In 2003 shortly after the initial invasion of Iraq, Murdoch told a reporter: ‘We can’t back down now where you hand over the whole of the Middle East to Saddam. …I think Bush is acting very morally, very correctly. … The greatest thing to come of this to the world economy, if you could put it that way, would be $US20 a barrel for oil.’ Once again, the sociopathic attitudes come to the foreground of the conversation. A total lack of regard for the human cost of war in Iraq; friendly or combatant as well as the complete lack of foresight to the long-term impact of middle-eastern conflict. These views wasn’t restricted to News Corp executives, but is prevalent within all wings of its media empire from Fox News to the Wall Street Journal and The Sun newspaper in the UK all pushing for further escalation towards war in 2003, referring to the UN as ‘weasels’ for going soft on Iraq, calling opposition to the war ‘traitors and naïve pawns’ and claiming that Saddam was building a nuclear bomb in the run up to invasion.
It should be clear to anyone with a notion of the inter-connectivity of powerful industries that not only did News Corp stand to benefit from positive treatment by western governments for their support of the war but that the consequences and costs of war would benefit themselves also. The same corporations that own large portions of the media are the same who profiteer from oil procurement, military contract outsourcing and arms sales to ‘allied’ dictatorial regimes.
We see this benefit to business in another middle-eastern battlefield. In 2010, influential figures such as Dick Cheney, Lord Rothschild and Rupert Murdoch himself invested in the Israeli-American Genie Energy, a subsidiary of IDT. Its chairman Howard Jonas spoke glowingly of Murdoch’s investment in Genie: “Rupert Murdoch is the greatest and most well-informed media magnate of our generation. His decision to invest in our shale initiatives and serve on Genie’s Strategic Advisory Board is very gratifying and we look forward to benefiting from his input.”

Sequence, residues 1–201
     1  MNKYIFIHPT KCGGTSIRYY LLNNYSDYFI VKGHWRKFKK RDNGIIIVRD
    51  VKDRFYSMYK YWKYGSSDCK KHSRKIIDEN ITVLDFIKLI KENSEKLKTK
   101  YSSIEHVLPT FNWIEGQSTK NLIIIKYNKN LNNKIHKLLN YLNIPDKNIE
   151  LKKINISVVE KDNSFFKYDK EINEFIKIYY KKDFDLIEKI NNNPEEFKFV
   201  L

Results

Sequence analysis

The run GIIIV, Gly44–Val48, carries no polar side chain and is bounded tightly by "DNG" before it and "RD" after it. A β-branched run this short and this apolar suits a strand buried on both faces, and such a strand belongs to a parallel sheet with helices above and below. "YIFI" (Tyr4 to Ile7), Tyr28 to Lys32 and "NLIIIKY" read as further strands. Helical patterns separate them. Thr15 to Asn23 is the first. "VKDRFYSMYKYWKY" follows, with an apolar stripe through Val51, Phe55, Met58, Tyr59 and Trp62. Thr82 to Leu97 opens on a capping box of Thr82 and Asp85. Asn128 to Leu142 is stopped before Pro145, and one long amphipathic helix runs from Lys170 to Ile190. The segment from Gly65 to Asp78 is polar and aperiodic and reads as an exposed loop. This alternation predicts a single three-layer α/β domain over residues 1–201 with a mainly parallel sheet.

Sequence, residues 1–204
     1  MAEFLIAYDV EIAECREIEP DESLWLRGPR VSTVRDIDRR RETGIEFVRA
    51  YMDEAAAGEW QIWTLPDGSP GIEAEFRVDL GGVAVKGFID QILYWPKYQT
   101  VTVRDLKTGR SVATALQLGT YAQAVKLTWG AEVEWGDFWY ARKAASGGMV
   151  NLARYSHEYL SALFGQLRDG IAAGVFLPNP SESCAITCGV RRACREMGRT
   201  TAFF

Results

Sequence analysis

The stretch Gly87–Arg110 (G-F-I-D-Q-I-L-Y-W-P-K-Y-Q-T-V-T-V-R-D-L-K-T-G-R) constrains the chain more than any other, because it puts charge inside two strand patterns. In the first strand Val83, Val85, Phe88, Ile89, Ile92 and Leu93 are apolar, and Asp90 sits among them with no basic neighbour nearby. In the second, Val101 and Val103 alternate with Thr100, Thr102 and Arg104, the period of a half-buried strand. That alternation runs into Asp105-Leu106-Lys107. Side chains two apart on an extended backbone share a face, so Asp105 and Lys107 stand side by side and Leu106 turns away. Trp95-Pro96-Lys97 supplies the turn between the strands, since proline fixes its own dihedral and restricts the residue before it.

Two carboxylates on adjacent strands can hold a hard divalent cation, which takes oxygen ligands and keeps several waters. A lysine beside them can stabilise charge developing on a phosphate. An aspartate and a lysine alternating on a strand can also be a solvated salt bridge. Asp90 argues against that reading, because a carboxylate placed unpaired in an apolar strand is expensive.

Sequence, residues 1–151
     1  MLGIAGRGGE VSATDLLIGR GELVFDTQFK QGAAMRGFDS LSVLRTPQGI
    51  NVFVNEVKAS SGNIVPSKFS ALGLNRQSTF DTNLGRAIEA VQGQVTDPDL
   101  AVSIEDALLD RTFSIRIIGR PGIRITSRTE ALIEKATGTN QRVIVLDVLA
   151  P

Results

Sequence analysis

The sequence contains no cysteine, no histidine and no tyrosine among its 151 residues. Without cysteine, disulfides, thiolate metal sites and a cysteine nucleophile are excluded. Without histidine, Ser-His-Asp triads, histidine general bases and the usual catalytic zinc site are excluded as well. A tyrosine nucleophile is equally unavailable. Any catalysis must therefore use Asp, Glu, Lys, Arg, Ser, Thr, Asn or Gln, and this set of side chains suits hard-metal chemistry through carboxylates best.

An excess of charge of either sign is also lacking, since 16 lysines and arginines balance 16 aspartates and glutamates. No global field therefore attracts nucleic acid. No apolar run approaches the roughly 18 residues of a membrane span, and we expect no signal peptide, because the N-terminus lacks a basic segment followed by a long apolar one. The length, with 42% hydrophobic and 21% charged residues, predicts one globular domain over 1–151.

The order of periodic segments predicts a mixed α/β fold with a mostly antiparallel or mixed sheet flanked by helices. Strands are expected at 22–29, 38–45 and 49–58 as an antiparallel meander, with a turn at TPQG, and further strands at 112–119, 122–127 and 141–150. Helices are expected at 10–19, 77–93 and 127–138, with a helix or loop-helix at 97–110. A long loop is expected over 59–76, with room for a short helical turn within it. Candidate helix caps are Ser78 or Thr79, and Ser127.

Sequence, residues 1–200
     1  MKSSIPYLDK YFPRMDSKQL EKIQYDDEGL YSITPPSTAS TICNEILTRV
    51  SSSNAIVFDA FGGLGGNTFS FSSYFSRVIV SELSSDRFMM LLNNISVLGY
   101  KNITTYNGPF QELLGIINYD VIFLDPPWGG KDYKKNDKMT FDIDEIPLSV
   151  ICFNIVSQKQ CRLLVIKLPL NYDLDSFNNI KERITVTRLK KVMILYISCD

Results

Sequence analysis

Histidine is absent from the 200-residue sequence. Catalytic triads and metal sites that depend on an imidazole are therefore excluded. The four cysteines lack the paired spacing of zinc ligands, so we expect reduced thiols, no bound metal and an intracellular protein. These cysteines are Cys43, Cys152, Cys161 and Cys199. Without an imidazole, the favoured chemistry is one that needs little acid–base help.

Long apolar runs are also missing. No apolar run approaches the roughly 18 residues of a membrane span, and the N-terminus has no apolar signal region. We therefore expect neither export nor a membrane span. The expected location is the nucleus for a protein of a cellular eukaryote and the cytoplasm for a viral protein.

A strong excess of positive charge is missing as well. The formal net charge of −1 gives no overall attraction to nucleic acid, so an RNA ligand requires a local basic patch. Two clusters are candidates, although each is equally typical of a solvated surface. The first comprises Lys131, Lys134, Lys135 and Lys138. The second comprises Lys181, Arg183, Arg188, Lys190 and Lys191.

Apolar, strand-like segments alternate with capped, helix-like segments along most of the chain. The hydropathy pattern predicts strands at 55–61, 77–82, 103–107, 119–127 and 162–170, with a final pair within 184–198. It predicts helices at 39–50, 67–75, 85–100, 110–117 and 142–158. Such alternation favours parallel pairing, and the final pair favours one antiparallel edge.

Murdoch’s input would prove invaluable as his efforts once again in escalating tensions and conflict led to increased western involvement in Syria and the loss of government oversight in the resulting chaos. Genie were granted an exclusive drilling contract in a 153-square mile section of the Israeli controlled Golan Heights, a region heavily disputed since 1967. Not only has the influx of corporations in the Golan Heights proven a useful political tool, securing western influence in the region but in 2015, following the discovery of large quantities of oil within their licensed drilling area, a discovery that Murdoch himself claims would: ‘reflect a more prosperous, more democratic, and more secure world’, it provided the potential for massive personal financial gain for Genie’s advisory board, conveniently comprised of media moguls and ex-government employees.